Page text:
Centre Pivot Wheel Rutting
Note Number: AG1261
Published: October 2006
Common and scientific names
Wheel tracks and the ruts that form are often a significant problem on centre pivot or lateral move sites. This Agnote explains why they occur, and how they can be managed.
New operators need to be aware of the potential for wheel rut problems to develop, and to learn how they can minimise them. Frustrated operators with developing wheel rut problems should be aware that the problems often reduce as the tracks become compacted, and can be minimised with appropriate management.
How do wheel ruts develop?
Fig 1. A deep wheel rut – note the soil built up beside the rut,and where the gearbox has scraped.
Wheel tracks often develop into ruts as a result of excessive water application on the wheel tracks, and compaction by the tower wheels trafficking over the wet soil. Each tower and the span it supports, full of water, can weigh up to four tonnes.
Pasture or crop originally giving some strength to the soil is cut up and disappears, with the soil becoming smeared so that water in the rut does not seep away between irrigations. The soil is compacted and displaced sideways, heaving up beside the forming rut. The moving wheels push water along the rut, continually aggravating the smearing and compaction so that the ruts get progressively deeper.
Ruts up to 0.6m deep can develop, with 0.3m ruts common without appropriate management (Figures 1 and 2).
Duplex clay soils are the most prone to rutting, but ruts can be a problem on all soils, except perhaps very sandy soils.
While the sprinklers distribute water relatively evenly over the irrigated surface, the towers intercept some of the throw from the sprinklers, and this water runs down the towers onto the wheel track. Measurements have shown that up to three times the depth of water being applied in the irrigation is applied to the wheel track through interception of the sprinkler pattern by the tower (Foley and Raine, 2001). This additional water is the main cause of the problem.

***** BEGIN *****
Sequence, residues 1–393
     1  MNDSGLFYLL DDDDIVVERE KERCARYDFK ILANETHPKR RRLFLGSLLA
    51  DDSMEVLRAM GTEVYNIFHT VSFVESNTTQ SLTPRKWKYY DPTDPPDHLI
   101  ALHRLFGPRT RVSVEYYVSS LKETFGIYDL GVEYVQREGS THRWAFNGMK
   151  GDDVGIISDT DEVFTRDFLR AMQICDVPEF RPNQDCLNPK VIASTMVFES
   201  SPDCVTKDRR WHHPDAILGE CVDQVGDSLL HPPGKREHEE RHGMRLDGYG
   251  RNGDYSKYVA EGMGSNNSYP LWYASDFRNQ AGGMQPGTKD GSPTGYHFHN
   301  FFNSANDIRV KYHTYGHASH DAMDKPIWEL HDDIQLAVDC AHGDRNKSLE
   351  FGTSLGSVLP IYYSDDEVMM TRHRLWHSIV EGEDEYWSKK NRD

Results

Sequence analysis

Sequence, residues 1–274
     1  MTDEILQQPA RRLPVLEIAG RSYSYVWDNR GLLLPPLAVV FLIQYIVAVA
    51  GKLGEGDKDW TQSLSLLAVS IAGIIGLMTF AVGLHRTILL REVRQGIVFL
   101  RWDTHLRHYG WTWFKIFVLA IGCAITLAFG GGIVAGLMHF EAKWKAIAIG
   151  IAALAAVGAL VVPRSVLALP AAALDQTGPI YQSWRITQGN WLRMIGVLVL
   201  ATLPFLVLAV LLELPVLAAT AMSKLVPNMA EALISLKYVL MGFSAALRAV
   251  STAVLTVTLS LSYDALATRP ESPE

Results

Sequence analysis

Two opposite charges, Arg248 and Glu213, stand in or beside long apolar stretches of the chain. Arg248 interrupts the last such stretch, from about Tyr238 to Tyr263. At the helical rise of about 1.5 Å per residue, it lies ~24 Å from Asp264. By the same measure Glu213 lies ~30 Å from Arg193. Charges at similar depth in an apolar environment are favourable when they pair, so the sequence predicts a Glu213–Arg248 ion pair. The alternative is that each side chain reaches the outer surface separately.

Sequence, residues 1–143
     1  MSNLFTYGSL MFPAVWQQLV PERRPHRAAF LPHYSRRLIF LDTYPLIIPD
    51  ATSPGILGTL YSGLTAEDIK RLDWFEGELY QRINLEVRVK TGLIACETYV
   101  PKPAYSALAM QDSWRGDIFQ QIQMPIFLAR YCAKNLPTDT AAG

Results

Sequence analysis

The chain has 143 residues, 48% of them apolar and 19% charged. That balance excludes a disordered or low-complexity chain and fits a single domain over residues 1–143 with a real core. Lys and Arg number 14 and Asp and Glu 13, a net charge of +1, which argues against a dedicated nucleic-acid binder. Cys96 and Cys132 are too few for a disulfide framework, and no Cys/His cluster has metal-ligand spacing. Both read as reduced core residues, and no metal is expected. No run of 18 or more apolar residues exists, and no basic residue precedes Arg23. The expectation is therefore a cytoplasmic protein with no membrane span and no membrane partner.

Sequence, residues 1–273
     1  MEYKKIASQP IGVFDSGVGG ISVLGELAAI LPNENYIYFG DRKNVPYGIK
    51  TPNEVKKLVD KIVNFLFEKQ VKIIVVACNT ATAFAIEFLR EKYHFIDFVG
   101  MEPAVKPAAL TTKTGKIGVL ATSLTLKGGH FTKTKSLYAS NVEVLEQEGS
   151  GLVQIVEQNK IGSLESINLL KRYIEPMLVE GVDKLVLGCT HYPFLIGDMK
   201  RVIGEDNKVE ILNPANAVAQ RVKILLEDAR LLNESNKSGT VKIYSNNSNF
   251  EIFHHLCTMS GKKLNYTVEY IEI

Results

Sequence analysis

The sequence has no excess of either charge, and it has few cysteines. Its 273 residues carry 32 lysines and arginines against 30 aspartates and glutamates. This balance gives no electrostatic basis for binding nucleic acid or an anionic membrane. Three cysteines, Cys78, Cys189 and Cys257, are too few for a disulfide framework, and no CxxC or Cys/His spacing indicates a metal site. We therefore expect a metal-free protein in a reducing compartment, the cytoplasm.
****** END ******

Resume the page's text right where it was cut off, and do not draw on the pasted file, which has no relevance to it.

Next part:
Why are wheel ruts a problem?
Fig 2. Ruts can be quite variable – the machine can bog where it has to climb out of a hole.
A minor occurrence of rutting is generally not a problem, but serious rutting can result in machines bogging and stopping, or even damaging the machine. Ruts are often not uniform in depth because of variations in the soil.
A tower climbing out of a deeper section of rut (see Figure 2) can slip and bog (stop), even though all wheels on a machine are driving. When a tower stops, it gets out of alignment with the other towers, which causes the machine to shut down. An occasional stoppage may be tolerated, but more frequent stoppages severely reduce the reliability and labour saving advantages of the machines.
The drivelines of modern machines are generally fairly robust, but continued operation with the increased stresses occurring in deep ruts may cause failure. Most manufacturers consider their warranty void where machines operate with ruts deeper than 100mm.
Wheel rutting can be minimised by :
- Keeping applied water off the wheel tracks;
- Increasing the load-bearing strength of the soil along the wheel track lines; and/or
- Reducing the pressure applied to the soil by the wheels.